The lament I frequently hear is: “This team always misses its commitments.” Oddly enough, I almost never hear that from members of the team in question. The source of the complaint is almost always from a stakeholder, functional manager, or executive at some level.

In the rare instance of a team whose members acknowledge that they routinely fail to meet their commitments, I work with the ScrumMaster, Product Owner, and team to ensure that they have good stories, solid acceptance criteria, follow the Agile rules for estimating, and that they understand the importance of building trust by doing what you say you are going to do. A team-based commitment failure is usually not difficult to overcome, although sometimes there can be a painful drop-off in perceived productivity as the team learns how to make a realistic commitment and deliver on it.

The much more common case of a stakeholder, functional manager, or executive expressing exasperation with routine commitment failure is usually easier to diagnose, but often more difficult to cure. The essential problem is a failure to understand that the team itself must commit to the Sprint backlog, freely and with complete consensus among team members. Any hint of a commitment that is forced from outside or arrived at without team consensus is automatically invalidated.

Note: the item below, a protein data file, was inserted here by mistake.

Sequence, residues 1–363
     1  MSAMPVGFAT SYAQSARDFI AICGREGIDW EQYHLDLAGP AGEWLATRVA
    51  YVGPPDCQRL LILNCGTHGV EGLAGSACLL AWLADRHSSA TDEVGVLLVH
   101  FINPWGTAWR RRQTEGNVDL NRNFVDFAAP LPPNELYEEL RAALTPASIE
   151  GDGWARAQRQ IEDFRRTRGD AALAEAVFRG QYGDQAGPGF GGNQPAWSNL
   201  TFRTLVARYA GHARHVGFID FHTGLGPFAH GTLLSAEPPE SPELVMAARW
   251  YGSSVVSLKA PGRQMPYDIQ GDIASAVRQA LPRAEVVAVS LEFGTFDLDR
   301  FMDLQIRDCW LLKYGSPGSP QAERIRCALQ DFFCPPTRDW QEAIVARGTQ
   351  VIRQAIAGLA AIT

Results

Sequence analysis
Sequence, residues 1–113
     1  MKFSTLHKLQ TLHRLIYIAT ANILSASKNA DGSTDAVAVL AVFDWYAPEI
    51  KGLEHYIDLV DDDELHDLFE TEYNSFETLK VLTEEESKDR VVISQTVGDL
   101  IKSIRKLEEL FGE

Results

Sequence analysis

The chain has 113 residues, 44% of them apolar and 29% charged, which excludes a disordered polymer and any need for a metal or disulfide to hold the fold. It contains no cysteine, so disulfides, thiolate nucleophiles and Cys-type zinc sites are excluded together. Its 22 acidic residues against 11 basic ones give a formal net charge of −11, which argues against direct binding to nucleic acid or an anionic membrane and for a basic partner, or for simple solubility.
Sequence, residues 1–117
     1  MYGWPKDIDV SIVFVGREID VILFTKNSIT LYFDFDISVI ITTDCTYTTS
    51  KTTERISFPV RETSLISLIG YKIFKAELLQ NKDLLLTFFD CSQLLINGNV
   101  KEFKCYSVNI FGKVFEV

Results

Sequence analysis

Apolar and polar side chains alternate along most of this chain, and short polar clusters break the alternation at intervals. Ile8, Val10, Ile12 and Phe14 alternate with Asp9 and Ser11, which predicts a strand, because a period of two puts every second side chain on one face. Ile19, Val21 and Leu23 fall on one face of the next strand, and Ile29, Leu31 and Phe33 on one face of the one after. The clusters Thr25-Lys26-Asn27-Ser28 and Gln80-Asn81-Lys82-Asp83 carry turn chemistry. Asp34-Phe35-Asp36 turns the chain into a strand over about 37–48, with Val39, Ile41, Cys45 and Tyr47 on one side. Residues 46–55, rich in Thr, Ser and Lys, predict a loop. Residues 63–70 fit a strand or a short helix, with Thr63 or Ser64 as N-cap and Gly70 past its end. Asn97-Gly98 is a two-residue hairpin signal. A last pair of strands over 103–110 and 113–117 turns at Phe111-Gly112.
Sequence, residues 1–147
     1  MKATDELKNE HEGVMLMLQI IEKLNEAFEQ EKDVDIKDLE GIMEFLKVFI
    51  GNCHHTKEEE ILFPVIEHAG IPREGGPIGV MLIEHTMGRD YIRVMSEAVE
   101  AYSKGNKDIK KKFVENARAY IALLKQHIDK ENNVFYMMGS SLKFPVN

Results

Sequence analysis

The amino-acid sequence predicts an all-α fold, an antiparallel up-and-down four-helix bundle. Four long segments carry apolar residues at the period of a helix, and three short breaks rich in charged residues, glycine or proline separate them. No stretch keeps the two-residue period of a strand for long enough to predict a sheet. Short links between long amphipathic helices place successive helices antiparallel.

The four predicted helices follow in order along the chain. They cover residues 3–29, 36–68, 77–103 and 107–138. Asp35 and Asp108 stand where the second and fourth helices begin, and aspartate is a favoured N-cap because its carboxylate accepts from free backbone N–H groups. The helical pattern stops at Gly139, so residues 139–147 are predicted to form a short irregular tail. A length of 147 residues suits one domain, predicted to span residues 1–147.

Think for a moment about the nature of commitment. We make commitments at many points in our lives. Marriage is a commitment. Having children and being a good parent is a commitment. While a Sprint backlog is trivial in comparison, the nature of the commitment required is exactly the same. Commitment must be voluntary. Commitments cannot be taken lightly. Commitment is a personal decision, sometimes taken in a collective context, as with a Sprint commitment when a team arrives at consensus.